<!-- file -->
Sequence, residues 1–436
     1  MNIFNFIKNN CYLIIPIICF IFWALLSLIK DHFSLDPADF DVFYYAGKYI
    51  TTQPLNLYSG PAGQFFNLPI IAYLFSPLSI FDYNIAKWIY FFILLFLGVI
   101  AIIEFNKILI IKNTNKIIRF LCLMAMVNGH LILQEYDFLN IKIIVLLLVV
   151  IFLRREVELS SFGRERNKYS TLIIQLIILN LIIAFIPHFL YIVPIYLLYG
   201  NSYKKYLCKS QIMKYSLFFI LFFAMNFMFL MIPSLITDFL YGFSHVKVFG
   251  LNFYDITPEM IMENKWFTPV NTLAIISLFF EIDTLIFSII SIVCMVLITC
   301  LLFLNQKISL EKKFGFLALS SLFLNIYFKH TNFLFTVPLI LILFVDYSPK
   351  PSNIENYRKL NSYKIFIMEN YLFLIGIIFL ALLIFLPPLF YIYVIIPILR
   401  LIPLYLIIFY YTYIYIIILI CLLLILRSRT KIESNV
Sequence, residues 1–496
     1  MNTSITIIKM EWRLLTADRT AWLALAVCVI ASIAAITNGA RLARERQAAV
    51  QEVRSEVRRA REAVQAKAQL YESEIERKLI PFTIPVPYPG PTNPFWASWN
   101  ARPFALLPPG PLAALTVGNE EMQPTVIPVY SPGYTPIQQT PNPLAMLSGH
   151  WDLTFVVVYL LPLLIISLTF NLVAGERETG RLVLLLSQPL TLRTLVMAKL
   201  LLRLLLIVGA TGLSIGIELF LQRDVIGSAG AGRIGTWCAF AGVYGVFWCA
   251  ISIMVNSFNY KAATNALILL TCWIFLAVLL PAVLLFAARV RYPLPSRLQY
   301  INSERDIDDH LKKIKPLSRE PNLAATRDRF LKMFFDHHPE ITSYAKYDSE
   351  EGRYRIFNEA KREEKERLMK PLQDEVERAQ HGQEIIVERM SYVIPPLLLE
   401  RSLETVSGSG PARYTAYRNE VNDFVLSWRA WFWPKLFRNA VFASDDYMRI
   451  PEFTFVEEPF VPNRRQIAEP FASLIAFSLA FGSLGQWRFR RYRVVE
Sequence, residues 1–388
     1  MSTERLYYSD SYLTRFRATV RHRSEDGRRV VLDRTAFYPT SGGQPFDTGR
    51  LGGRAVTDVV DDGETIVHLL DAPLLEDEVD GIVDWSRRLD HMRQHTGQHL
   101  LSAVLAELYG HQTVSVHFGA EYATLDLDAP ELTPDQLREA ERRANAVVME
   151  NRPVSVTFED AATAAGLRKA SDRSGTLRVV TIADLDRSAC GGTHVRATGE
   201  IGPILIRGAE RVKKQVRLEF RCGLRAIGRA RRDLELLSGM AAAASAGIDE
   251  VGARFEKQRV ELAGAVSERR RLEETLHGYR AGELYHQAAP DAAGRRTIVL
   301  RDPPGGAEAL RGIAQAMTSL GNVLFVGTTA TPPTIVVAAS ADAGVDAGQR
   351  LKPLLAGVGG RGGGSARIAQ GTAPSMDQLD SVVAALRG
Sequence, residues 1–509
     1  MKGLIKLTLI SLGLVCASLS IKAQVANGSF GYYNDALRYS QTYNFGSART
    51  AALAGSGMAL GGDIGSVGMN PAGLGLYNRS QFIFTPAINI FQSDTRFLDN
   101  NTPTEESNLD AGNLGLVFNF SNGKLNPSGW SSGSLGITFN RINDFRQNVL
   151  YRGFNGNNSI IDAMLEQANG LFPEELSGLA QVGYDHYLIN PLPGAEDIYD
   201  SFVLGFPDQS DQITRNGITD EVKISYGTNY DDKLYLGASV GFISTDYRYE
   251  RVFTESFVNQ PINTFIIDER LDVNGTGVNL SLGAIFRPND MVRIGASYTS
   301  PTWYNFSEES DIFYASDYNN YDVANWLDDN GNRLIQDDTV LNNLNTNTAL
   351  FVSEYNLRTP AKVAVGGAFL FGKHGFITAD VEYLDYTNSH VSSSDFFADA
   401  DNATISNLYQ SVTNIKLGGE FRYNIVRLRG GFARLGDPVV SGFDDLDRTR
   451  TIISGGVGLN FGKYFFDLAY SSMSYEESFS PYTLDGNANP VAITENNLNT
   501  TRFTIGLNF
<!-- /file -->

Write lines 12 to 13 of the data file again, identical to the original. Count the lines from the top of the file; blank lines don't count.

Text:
     1  MNTSITIIKM EWRLLTADRT AWLALAVCVI ASIAAITNGA RLARERQAAV
    51  QEVRSEVRRA REAVQAKAQL YESEIERKLI PFTIPVPYPG PTNPFWASWN